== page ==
Spring 2021 - CA 140 OL01

Music after 1900 (3)

Class Number: 8291

Delivery Method: Remote


  • Course Times + Location:

    Location: TBA

  • Exam Times + Location:

    Mar 4, 2021
    7:00 PM – 10:00 PM

    Apr 20, 2021
    11:59 PM – 11:59 PM
    TAKE HOME-EXAM, Burnaby



An introductory survey of major historical trends and practices of music in the 20th and 21st centuries as revealed by the study of selected music examples. Critical issues fundamental to an understanding of contemporary composition will be examined (e.g. impressionism, twelve-tone music, indeterminacy, the role of technology, improvisation). May be of particular interest to students in other departments. Students with credit for FPA 140 may not take this course for further credit. Breadth-Humanities.


Music Since 1900 looks at the issues involved in being a creative musical artist in the 21st century. By creative musical artist, we begin from the understood term of “composer”, but expand it to include those organisers of sound that deal directly with sound (i.e. sound artists), as well as composer-performers who present their music directly to their audience.

It is important to note that the focus is outside the realm of popular music; although it does include serious considerations on the influence of popular music on composers and sound artists today, the course is not about writing, recording, or performing popular music.

The course is intended for incoming students into the School for the Contemporary Arts’ music program, presenting issues we feel is important for young aspiring musical artists to consider; however, the course has no pre-requisites, so it is open to any student in the university.

Topics include:

  • Historical context dating back one thousand years, and including popular music;
  • how race and gender can be considered;
  • the role and influence of politics;
  • music and identity;
  • appropriation and how “borrowing” has been considered;
  • art music, and its role in contemporary society as well as historical perspectives;
  • functional aspects of musical use (i.e. music for film, dance, and games);
  • and finally performance: what does it mean to play someone else’s music, or your own?

CA140 might be considered a music appreciation course of 20th/21st century art music (itself a tenuous term).


Students will learn to differentiate important musical styles through listening and to discuss the main formal elements and attributes that define those styles. They will understand and be able to explain the social and political forces that led to the formation of new styles and formal approaches, as well as the contributions of different nations to the development of contemporary musical language.


  • Bi-weekly assignments (7) 35%
  • Midterm exam 10%
  • Weekly quizzes 10%
  • Final Exam 15%
  • Bi-weekly Group Assignments (6) 30%


Independent Activities

The independent graded activities in this course consist of a seven assignments; weekly quizzes; a midterm (10%); and final (15%).

Group Activities

Additionally, there are a number of group projects required for this course, including six assignments worth 5% each. All individuals in groups will not be assigned the same mark; instead, peer evaluation will determine how the group mark is dispersed amongst the group.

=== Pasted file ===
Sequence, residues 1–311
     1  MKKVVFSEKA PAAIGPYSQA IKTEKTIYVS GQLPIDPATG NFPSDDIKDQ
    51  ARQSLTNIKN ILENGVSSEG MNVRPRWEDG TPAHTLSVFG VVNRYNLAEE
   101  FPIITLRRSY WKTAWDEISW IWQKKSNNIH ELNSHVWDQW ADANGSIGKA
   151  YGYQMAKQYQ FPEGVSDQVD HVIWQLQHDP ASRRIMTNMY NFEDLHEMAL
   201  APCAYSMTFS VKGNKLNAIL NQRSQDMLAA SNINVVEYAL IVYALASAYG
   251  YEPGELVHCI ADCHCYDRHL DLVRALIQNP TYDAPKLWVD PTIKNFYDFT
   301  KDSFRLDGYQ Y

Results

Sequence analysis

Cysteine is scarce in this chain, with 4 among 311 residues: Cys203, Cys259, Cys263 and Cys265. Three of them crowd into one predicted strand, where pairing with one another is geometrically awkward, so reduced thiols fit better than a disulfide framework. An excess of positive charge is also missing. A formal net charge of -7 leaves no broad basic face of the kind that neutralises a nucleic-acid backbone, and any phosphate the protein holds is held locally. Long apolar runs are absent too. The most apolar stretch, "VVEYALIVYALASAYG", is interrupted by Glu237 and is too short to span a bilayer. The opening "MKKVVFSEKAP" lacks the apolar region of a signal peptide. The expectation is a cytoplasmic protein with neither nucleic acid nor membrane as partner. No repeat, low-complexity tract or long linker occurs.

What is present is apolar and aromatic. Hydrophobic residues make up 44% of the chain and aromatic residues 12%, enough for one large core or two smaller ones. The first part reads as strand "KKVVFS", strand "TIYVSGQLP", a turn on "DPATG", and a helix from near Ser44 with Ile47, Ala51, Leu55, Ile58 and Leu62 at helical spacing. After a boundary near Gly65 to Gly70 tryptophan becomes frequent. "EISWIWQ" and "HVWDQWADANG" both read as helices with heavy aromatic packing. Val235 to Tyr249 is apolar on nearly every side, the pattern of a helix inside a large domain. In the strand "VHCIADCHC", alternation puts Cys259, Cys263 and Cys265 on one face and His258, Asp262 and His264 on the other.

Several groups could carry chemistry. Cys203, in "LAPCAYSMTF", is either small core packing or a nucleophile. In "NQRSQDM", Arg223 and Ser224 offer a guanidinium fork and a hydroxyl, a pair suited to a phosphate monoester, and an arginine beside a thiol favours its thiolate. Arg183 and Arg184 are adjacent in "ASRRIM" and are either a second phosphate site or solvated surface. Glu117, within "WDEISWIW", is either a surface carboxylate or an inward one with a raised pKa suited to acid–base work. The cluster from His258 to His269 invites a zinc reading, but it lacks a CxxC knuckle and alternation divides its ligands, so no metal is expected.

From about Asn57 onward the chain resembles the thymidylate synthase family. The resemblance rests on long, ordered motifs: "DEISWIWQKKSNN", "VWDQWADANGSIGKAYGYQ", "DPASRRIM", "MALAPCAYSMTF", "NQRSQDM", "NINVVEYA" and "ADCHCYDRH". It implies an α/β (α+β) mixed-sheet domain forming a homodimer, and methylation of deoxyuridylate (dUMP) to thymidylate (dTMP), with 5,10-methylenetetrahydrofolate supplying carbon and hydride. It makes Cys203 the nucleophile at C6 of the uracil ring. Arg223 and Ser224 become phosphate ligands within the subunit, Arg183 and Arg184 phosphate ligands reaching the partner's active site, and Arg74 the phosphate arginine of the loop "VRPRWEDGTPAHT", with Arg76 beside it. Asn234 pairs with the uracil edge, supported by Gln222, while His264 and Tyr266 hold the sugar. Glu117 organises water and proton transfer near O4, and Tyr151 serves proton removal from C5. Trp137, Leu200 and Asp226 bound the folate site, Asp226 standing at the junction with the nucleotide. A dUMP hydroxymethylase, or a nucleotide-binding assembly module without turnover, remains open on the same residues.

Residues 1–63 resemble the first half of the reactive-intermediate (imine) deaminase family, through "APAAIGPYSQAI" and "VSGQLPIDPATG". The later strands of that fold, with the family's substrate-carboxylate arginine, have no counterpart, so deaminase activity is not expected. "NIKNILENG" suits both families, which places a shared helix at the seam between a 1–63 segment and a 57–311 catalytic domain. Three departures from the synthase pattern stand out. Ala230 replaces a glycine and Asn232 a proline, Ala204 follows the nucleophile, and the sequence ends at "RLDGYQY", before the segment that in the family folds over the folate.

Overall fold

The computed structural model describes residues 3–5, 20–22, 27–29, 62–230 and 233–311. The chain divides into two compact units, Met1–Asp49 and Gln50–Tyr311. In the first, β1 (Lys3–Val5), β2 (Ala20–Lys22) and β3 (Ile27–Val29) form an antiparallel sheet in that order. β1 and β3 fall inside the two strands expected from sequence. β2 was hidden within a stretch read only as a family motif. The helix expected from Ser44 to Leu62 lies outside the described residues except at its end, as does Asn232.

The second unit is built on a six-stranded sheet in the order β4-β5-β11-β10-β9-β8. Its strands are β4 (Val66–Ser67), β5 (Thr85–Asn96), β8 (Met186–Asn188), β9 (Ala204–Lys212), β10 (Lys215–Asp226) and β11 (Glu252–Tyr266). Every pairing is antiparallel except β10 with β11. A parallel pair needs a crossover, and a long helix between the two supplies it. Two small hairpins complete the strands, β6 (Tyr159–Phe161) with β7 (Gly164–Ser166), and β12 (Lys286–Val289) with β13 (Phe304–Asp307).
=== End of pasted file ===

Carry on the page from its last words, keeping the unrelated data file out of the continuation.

You will be assigned to a group during the first day of classes - this will be your group for the remainder of the term. Group membership will be re-evaluated in the 3rd or 4th week of classes to balance groups due to enrolment changes.



All music is available as audio (i.e. not notated musical scores) via two online music databases available to SFU students through the SFU library: Classical Music Library (CLM) and DRAM.


There is no required text. All readings are included in the course material found in the individual study units within the course website. This website, Canvas, is accessible only to you, other CA 140 students, your TA, and the course instructor.

Registrar Notes:


SFU’s Academic Integrity web site http://www.sfu.ca/students/academicintegrity.html is filled with information on what is meant by academic dishonesty, where you can find resources to help with your studies and the consequences of cheating.  Check out the site for more information and videos that help explain the issues in plain English.

Each student is responsible for his or her conduct as it affects the University community.  Academic dishonesty, in whatever form, is ultimately destructive of the values of the University. Furthermore, it is unfair and discouraging to the majority of students who pursue their studies honestly. Scholarly integrity is required of all members of the University. http://www.sfu.ca/policies/gazette/student/s10-01.html


Teaching at SFU in spring 2021 will be conducted primarily through remote methods. There will be in-person course components in a few exceptional cases where this is fundamental to the educational goals of the course. Such course components will be clearly identified at registration, as will course components that will be “live” (synchronous) vs. at your own pace (asynchronous). Enrollment acknowledges that remote study may entail different modes of learning, interaction with your instructor, and ways of getting feedback on your work than may be the case for in-person classes. To ensure you can access all course materials, we recommend you have access to a computer with a microphone and camera, and the internet. In some cases your instructor may use Zoom or other means requiring a camera and microphone to invigilate exams. If proctoring software will be used, this will be confirmed in the first week of class.

Students with hidden or visible disabilities who believe they may need class or exam accommodations, including in the current context of remote learning, are encouraged to register with the SFU Centre for Accessible Learning (caladmin@sfu.ca or 778-782-3112).